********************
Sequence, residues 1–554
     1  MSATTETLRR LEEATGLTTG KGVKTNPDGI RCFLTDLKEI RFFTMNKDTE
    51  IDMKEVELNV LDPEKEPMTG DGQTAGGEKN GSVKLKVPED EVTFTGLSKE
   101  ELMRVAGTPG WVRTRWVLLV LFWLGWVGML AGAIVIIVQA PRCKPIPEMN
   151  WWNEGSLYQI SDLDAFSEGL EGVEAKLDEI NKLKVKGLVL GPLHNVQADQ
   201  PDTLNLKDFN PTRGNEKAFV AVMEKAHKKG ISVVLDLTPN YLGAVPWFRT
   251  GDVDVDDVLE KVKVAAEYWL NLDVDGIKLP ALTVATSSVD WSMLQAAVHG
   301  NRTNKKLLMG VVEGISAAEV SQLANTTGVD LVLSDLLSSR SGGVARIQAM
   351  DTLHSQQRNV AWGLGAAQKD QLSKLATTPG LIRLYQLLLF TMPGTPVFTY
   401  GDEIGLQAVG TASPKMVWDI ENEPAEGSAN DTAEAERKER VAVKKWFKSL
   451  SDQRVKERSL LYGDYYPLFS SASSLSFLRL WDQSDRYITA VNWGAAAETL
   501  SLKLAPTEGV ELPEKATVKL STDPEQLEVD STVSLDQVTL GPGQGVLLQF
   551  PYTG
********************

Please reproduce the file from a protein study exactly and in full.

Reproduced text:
Sequence, residues 1–554
     1  MSATTETLRR LEEATGLTTG KGVKTNPDGI RCFLTDLKEI RFFTMNKDTE
    51  IDMKEVELNV LDPEKEPMTG DGQTAGGEKN GSVKLKVPED EVTFTGLSKE
   101  ELMRVAGTPG WVRTRWVLLV LFWLGWVGML AGAIVIIVQA PRCKPIPEMN
   151  WWNEGSLYQI SDLDAFSEGL EGVEAKLDEI NKLKVKGLVL GPLHNVQADQ
   201  PDTLNLKDFN PTRGNEKAFV AVMEKAHKKG ISVVLDLTPN YLGAVPWFRT
   251  GDVDVDDVLE KVKVAAEYWL NLDVDGIKLP ALTVATSSVD WSMLQAAVHG
   301  NRTNKKLLMG VVEGISAAEV SQLANTTGVD LVLSDLLSSR SGGVARIQAM
   351  DTLHSQQRNV AWGLGAAQKD QLSKLATTPG LIRLYQLLLF TMPGTPVFTY
   401  GDEIGLQAVG TASPKMVWDI ENEPAEGSAN DTAEAERKER VAVKKWFKSL
   451  SDQRVKERSL LYGDYYPLFS SASSLSFLRL WDQSDRYITA VNWGAAAETL
   501  SLKLAPTEGV ELPEKATVKL STDPEQLEVD STVSLDQVTL GPGQGVLLQF
   551  PYTG